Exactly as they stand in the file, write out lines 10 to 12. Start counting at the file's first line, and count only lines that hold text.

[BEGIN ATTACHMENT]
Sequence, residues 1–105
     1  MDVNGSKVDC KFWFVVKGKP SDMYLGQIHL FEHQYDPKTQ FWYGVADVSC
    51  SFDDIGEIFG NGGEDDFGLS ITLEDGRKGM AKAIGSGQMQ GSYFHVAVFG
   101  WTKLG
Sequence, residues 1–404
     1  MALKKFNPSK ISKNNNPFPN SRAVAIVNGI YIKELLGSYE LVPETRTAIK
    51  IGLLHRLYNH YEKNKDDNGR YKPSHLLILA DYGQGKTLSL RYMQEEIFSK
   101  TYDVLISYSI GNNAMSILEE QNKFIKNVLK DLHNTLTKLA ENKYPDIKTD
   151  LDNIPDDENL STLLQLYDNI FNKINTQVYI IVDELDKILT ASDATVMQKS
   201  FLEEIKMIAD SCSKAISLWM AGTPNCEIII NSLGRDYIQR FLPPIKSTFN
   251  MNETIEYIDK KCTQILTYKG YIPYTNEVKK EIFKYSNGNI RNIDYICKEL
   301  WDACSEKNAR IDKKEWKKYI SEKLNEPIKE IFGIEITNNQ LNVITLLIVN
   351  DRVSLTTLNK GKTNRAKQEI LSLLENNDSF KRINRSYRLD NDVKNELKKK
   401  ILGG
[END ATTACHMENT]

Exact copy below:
   201  FLEEIKMIAD SCSKAISLWM AGTPNCEIII NSLGRDYIQR FLPPIKSTFN
   251  MNETIEYIDK KCTQILTYKG YIPYTNEVKK EIFKYSNGNI RNIDYICKEL
   301  WDACSEKNAR IDKKEWKKYI SEKLNEPIKE IFGIEITNNQ LNVITLLIVN